Jeremy Bowen Biography

Jeremy Bowen (Jeremy Francis John Bowen)is a TV presenter and journalist from Wales. Between 1995 and 2000, he served as the BBC’s Middle East reporter in Jerusalem, and since 2005, he has served as the Middle East Editor.

Bowen stated on April 1, 2019, that he has undergone treatment to remove a tumor in his colon.

How old is Jeremy Bowen? – Age

He was born on 6 February 1960 in Cardiff, Wales. He is 61 years as of 2021.

Where Jeremy Bowen did go to school? – Education

De La Salle School, Rumney, Cardiff High School, University College London (BA History), and Johns Hopkins University’s Paul H. Nitze School of Advanced International Studies in Washington, DC were among his educational institutions. He is a Cardiff City Football Club supporter.

Jeremy Bowen – Family

Bowen is a Welshman who was born in the Welsh capital of Cardiff. His father, Gareth, was a BBC reporter who later became the editor of news at Radio Wales after covering the 1966 Aberfan coal slurry catastrophe.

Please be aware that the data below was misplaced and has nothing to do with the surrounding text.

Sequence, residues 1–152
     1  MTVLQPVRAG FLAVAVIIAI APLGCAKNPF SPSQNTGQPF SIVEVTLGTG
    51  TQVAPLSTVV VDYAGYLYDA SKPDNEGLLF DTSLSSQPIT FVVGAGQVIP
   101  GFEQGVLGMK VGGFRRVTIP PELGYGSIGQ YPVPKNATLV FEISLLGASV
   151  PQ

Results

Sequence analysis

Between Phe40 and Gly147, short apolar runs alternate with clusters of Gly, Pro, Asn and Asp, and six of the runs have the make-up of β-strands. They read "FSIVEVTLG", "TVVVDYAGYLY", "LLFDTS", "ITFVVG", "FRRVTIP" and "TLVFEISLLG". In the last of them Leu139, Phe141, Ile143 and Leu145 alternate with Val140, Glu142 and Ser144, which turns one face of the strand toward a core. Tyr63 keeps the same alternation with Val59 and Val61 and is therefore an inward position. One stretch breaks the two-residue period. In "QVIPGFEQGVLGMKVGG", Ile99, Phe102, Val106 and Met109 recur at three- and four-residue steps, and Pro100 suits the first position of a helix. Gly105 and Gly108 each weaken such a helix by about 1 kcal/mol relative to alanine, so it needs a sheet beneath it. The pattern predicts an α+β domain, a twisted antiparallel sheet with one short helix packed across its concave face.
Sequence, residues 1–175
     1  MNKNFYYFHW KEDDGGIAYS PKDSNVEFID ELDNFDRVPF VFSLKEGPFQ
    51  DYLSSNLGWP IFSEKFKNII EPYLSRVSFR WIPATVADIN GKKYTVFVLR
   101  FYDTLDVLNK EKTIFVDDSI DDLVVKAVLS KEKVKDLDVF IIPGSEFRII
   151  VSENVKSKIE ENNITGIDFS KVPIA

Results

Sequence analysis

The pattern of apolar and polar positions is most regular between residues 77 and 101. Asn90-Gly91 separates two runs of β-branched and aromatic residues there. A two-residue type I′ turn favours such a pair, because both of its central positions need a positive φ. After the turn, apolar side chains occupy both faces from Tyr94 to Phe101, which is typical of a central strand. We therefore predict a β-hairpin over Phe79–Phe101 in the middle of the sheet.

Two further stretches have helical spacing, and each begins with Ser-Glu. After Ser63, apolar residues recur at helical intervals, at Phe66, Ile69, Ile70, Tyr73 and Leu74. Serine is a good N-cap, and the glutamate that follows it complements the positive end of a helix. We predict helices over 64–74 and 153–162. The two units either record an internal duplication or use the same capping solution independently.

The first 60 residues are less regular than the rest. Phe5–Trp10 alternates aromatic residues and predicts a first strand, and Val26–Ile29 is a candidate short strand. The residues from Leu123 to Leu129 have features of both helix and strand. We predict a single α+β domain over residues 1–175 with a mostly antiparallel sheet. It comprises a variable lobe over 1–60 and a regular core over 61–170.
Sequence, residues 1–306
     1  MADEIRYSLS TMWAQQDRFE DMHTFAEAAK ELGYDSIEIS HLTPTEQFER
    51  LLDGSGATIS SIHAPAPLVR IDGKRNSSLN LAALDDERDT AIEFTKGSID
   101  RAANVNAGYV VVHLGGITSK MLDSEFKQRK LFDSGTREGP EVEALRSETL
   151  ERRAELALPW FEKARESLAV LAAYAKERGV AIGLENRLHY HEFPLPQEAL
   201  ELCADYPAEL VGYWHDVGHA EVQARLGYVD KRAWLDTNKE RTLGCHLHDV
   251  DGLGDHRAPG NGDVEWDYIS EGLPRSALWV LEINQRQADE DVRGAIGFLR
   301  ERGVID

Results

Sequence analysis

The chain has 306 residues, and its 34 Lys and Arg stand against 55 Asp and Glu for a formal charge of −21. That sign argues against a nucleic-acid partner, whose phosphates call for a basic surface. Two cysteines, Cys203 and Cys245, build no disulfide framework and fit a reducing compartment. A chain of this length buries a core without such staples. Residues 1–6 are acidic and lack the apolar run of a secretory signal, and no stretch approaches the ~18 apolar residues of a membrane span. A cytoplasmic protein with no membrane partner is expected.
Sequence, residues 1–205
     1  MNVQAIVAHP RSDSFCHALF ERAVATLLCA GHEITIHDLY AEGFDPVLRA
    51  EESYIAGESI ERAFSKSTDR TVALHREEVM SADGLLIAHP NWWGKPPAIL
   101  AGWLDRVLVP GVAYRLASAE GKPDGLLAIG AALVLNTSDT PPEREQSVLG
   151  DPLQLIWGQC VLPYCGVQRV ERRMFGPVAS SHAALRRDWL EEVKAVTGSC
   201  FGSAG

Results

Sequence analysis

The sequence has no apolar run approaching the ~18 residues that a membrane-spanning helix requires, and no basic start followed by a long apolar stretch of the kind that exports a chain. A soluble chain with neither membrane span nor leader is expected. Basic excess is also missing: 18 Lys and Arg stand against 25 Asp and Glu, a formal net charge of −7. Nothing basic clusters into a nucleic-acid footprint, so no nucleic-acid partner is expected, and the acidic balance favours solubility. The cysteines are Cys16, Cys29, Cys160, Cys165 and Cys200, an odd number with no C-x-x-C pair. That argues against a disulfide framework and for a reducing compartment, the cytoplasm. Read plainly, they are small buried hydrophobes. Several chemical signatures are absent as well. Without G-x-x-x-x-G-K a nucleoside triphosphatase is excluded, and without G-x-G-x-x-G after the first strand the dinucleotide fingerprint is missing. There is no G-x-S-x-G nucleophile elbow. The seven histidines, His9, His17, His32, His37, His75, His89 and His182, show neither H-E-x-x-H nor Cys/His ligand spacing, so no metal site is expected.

Bowen’s Wife

Bowen and his BBC journalist partner Julia Williams live in Camberwell, South London. They have a boy and a girl.

Jeremy Bowen The BBC journalist
Jeremy Bowen The BBC journalist

What is Bowen Salary?

His earnings are under review.

Bowen Net Worth

He receives a net worth of $1.5 million approximately.

Jeremy Bowen Career

He joined the BBC in 1984 and has spent much of his career as a war journalist, beginning in 1989 in El Salvador.
He has reported from over 70 nations, the majority of which are in the Middle East and the Balkans. During the Bosnian War, he broadcasted from Bosnia-Herzegovina, and during the 1999 fighting in Kosovo, he was robbed at gunpoint by bandits. Bowen has been chastised on several occasions while on assignment. On May 23, 2000, a coworker and friend were assassinated in Lebanon, in what he later described as the critical moment of his life. Bowen was documenting the Israeli Defense Forces (IDF) withdrawal from Lebanon when his car was hit by tank fire from the IDF, killing his “fixer” and driver. Bowen and his cameraman were able to flee, but Bowen suffered from a post-traumatic stress disorder and retreated from the front lines, working as a presenter in the studio and leading the daily news and entertainment morning show Breakfast together with Sophie Raworth from the year 2000 to 2002.